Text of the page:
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We firmly believe that little can be achieved by setting up such a program unless it is large enough to make an important contribution to meeting the needs of moderate-income families. For this reason, we feel that this program should begin with a 6-year program permitting the construction of at least 120,000 units each year. This would require that $1,000,000,000 per year be authorized for loans under this program each year.
In conclusion, as one who has had many years of experience in the building industry, I want to take this opportunity to answer one type of attack which has been made upon this type of housing legislation. I am referring to the cry that is often raised that passage of this bill will not mean the construction of any more houses this year when the shortage is greatest.
Of course, that is true. It cannot be denied that enactment of H. R. 4009 within the next month will not make much difference in the number of homes constructed during the 1949 building season. But the reason why we are not getting the additional homes in 1949 is because the Eightieth Congress failed to enact the Taft-EllenderWagner bill. We will never get the homes America needs by saying each time a housing bill is under consideration that there is no use passing it because it can't produce any homes immediately. If we pass this bill now many more homes may not be built in 1919, but they will be built in 1950, 1951, and the ensuing years.
The 8,000,000 members of the American Federation of Labor, and particularly the 2,000,000 members of the building and construction trades department, are ready to do everything within their power to build the million homes America needs. We only ask Congress to enact the legislation which will enable us to begin our job.
The CHAIRMAN. Thank you, Mr. Gray. The great organization which you represent has been a very consistent advocate of housing legislation, and we are very glad to have your views. Are there any questions?
Mr. BUCHANAN. Mr. Chairman.
Mr. BUCHANAN. I notice you urge that no definite cost limitation be written into the bill. Why?
Mr. Gray. I think that would act as a retarding factor in accomplishing the very purpose of the bill. There is such a wide variation in costs. At the present time most of the labor organizations are advocating a leveling off in wage rates, and are trying to achieve that through agreements with the employers. But we in turn are hamstrung because we have no guaranty as to where living costs are going, and if there is any unexpected development that comes up that would increase living costs, material costs, and so forth, it may possibly prohibit the carrying out of the program provided for in this bili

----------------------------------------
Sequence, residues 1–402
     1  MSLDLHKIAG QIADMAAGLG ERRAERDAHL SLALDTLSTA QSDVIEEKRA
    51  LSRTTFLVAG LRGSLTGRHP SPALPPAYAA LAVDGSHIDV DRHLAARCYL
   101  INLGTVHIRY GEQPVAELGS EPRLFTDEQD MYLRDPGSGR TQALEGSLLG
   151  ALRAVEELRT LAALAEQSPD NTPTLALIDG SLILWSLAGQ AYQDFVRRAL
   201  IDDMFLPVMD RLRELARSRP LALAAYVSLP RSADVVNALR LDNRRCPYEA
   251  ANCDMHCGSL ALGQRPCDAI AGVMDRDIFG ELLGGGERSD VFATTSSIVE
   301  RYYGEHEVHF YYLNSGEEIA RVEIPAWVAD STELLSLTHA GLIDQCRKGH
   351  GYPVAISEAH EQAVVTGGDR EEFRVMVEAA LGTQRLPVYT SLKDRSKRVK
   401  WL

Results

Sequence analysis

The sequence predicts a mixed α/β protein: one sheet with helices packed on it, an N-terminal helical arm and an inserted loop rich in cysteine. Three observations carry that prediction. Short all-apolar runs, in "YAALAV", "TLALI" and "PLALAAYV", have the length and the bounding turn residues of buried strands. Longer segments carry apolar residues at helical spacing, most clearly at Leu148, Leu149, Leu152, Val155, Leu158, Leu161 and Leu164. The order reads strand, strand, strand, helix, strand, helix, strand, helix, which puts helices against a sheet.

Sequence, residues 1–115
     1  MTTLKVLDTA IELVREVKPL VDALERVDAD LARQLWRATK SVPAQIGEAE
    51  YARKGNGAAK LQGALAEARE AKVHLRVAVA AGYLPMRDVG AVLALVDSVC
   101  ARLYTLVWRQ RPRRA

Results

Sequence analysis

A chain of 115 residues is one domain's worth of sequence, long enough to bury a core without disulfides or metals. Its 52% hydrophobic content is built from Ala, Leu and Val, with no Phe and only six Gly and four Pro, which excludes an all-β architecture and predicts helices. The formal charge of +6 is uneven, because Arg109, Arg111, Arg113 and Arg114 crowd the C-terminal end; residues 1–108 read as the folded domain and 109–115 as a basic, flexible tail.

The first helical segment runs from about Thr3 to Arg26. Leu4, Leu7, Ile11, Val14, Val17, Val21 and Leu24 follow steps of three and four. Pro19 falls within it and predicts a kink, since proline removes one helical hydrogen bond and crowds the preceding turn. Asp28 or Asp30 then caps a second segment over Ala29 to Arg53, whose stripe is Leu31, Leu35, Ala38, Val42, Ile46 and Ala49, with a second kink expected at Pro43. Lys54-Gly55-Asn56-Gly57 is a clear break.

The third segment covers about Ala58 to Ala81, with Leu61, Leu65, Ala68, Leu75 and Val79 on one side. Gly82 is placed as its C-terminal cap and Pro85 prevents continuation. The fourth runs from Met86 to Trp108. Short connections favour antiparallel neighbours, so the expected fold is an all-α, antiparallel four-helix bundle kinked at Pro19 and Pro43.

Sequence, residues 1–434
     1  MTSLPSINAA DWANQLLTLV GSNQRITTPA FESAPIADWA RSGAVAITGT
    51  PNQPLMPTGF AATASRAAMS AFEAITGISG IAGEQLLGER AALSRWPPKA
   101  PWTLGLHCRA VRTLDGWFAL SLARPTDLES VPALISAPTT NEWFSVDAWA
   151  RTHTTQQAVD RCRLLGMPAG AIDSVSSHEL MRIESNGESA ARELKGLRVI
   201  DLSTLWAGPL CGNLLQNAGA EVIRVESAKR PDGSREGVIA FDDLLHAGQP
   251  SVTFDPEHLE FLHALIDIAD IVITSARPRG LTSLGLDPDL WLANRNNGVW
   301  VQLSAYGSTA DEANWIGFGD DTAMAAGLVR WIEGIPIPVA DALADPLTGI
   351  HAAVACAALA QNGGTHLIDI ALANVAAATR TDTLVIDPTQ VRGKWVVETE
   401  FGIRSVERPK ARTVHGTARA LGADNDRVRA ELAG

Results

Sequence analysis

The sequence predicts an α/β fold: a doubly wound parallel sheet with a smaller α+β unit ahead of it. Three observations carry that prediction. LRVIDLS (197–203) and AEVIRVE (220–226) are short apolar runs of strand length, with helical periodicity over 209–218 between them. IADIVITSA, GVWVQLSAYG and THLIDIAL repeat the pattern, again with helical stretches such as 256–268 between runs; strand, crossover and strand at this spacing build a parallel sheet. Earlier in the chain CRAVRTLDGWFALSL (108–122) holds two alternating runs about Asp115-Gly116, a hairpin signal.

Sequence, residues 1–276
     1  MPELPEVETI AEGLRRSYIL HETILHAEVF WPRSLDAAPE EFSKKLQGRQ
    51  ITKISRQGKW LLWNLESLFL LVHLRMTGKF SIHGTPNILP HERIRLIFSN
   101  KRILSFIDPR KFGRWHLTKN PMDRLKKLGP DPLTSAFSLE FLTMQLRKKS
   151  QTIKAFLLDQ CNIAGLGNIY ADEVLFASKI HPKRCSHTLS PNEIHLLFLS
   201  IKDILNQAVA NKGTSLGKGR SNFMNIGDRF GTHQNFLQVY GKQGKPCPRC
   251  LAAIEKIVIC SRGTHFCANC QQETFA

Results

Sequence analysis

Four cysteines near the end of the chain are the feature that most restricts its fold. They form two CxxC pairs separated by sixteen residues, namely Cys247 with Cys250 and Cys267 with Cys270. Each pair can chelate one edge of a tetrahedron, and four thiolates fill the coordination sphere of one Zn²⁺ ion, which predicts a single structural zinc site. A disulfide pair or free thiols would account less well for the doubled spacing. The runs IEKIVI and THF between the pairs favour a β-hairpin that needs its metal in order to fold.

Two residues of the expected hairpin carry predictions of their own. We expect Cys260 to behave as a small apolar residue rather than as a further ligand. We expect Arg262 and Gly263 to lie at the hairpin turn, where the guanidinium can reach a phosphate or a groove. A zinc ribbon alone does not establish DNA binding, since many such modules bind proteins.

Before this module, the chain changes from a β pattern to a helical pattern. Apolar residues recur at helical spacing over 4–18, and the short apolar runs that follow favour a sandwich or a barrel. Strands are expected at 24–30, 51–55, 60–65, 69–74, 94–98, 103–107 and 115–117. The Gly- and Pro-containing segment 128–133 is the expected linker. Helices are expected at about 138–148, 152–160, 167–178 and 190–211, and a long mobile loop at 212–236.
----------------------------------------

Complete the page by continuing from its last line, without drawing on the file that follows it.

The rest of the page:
. I am in favor of every economic provision that we can exert to keep costs down and to keep rents within the possibility of payment by those in those income groups, but I am very fearful of the danger to which this provision in the bill exposes us.
Mr. BUCHANAN. Just what are the building-trades unions doing to increase productivity?
Mr. GRAY. There have been a number of campaigns going on throughout the country. For instance, in New York City, many pub
lications throughout the country were accusing unions of retarding production, they sent out investigating committees, and they found that these statements by radio commentators and newspapers were not based on fact; that they were distorted. In other words, it was comparable to the pickpocket who yells, “Stop, thief,” to distract attention from himself while he gets his hands in somebody else's pocket.
You have heard perhaps the accusation made time and time again that unions restrict the number of brick that can be laid in a day. Nothing can be further from the truth. We had, for instance, starting in 1930, during the depression years, a situation where it was necessary for the Government to enact emergency plans to furnish employment. There was a lot of made work. And in the process of that made work, the incentive was not there to keep up to the peak of production level. Then we went on to the war effort, in which there was no competitive bidding due to another emergency, where the cost-plus fee was in effect. There was a great waste of manpower.